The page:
Media Lies at Work: As NY Deaths Go Up, So Do Cuomo’s Polls


The mainstream media is still a powerful entity in America, even as its influence wanes in favor of social media.

The evidence of this has come again in recent polls that show Republican Gov. Rob DeSantis’ slipping poll numbers in Florida versus Democratic Gov. Andrew Cuomo’s rising numbers in New York.

And the curious part is that the poll numbers are mirroring the death toll numbers in both those states.

Florida, with a slightly higher population than New York, has not seen anywhere near the catastrophe that New York has. As its cases have declined, so have its governor’s poll numbers.

Yet as New York deaths continue to mount and new cases arise, Cuomo has enjoyed a monumental surge in his approval ratings.

TRENDING: Mainstream Media Pushes Masks, Ignores Possible Consequences

In January, a poll from the Florida Atlantic University Business and Economics Polling Initiative showed Gov. DeSantis with 48 percent approval versus 28 percent disapproval. That survey had a margin of error of plus or minus 2.6 percentage points.

A University of North Florida poll conducted in February found that 64 percent of Floridians strongly or somewhat approved of DeSantis while 21 percent disapproved. That survey had a margin of error of plus or minus 3.6 percentage points.

But now, after mounting criticism by the media, the governor’s poll numbers have taken a significant hit, though he remains popular.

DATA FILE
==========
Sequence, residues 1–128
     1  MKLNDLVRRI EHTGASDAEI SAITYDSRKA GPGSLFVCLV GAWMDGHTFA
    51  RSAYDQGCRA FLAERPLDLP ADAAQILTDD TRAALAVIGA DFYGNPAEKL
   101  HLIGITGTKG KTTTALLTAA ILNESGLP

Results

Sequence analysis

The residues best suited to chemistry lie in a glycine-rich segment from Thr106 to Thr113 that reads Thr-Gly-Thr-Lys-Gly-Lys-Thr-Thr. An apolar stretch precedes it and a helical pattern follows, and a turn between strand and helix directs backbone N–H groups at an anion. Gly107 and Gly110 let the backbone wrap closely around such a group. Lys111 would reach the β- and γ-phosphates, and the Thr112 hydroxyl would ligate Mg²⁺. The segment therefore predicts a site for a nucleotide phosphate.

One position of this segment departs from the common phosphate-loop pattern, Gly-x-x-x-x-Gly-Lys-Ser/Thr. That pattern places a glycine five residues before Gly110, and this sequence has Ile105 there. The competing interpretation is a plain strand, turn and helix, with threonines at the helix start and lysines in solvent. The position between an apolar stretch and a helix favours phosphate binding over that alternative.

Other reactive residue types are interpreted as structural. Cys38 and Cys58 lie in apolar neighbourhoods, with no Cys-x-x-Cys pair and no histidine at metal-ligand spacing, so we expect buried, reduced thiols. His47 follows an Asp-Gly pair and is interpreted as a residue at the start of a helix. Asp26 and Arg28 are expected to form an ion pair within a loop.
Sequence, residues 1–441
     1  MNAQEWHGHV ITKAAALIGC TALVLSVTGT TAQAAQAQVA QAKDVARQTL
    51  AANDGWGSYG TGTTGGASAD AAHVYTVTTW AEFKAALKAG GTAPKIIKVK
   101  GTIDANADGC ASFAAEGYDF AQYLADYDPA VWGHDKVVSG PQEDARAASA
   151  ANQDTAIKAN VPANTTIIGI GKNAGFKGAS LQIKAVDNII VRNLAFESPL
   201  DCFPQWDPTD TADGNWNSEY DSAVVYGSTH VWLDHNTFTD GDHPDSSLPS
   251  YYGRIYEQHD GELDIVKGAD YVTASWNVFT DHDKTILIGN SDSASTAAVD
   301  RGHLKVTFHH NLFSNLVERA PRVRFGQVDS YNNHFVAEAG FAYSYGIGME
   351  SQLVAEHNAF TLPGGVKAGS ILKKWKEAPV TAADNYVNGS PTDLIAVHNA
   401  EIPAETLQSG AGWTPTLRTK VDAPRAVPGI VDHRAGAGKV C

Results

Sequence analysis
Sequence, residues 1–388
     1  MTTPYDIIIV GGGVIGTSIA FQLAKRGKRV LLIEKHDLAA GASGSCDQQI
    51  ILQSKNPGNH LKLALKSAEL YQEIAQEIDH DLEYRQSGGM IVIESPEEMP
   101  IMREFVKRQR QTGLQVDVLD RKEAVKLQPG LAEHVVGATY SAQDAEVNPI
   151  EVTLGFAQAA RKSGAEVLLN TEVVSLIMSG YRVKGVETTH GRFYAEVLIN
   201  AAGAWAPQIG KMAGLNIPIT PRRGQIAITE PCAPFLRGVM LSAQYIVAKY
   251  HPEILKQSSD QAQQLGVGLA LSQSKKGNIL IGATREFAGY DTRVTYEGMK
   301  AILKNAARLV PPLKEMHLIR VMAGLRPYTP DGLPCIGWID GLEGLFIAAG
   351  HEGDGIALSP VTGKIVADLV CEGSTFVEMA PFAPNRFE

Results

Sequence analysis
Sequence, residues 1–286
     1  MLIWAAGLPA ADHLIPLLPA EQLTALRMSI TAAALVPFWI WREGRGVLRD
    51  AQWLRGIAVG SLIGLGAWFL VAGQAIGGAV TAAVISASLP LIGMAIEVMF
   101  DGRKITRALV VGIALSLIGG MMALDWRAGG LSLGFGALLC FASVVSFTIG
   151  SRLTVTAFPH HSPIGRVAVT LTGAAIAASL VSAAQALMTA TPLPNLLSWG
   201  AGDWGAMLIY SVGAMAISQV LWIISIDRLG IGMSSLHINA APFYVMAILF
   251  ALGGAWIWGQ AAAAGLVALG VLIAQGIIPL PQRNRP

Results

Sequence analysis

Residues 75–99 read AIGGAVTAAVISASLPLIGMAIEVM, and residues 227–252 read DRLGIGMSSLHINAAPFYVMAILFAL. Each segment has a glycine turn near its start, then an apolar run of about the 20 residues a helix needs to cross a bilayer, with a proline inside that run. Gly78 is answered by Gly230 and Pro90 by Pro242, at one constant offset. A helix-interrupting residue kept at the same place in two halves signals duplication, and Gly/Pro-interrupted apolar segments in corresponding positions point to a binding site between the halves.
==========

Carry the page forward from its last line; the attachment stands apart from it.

A just-released St. Pete Polls survey found that the governor had slipped to a 53 percent approval rating and his disapproval rating had grown by double digits to 38 percent. That survey had a margin of error of plus or minus 1.3 percentage points.

Do you think the establishment media helped prop up Cuomo’s poll numbers?

Yet as of this writing, Florida has 38,828 confirmed cases of COVID-19 with 1,600 deaths in a state with a population of approximately 21 million, according to Johns Hopkins.

In New York, with an estimated population of 19 million, there are approximately 330,000 confirmed coronavirus cases and over 21,000 deaths.

The disparity is cases and deaths is staggering, with New York experiencing almost 10 times as many cases and over 10 times as many deaths as Florida, yet Cuomo is being hailed a hero.

The most recent Quinnipiac University poll, conducted between April 30 and May 4, showed that the New York governor has a 72 percent job approval rating and an 81 percent approval rating for his handling of the coronavirus crisis. The poll’s margin of error was 3.2 percentage points.

How, judging by the sheer numbers, can this be possible? It is shocking that we have two states with similar populations, where one sees citizens dropping like flies and another has barely been hit and yet it is the state that has been devastated where the governor is more popular.

RELATED: New Trump Ad Exposes Joe Biden’s Pro-China, Anti-Trump Campaign Strategy

Conservative pundit Ben Shapiro said it best in a tweet this week.

“If you doubt the power of the press, recognize that Gov. Ron DeSantis handled covid-19 in Florida in excellent fashion, while Gov. Andrew Cuomo handled it nearly as badly as humanly possible, yet DeSantis has dropped in polls and Cuomo is at the height of popularity,” he wrote.

That is the power of the press.

While there could be other factors influencing the two governors’ poll numbers, the picture the media paints of a person does a great deal to influence his public perception.

With his frequent appearances on his brother Chris Cuomo’s primetime CNN show where the duo banter and quip to his daily press briefings carried by major news networks, Cuomo is painted as a hero fighting against the Trump administration, who are depicted as evil, bumbling and uncaring.

And when people get the majority of their information from the mainstream media, that portrait counts for a ton.

We are committed to truth and accuracy in all of our journalism. Read our editorial standards.


Leave a Reply

Your email address will not be published. Required fields are marked *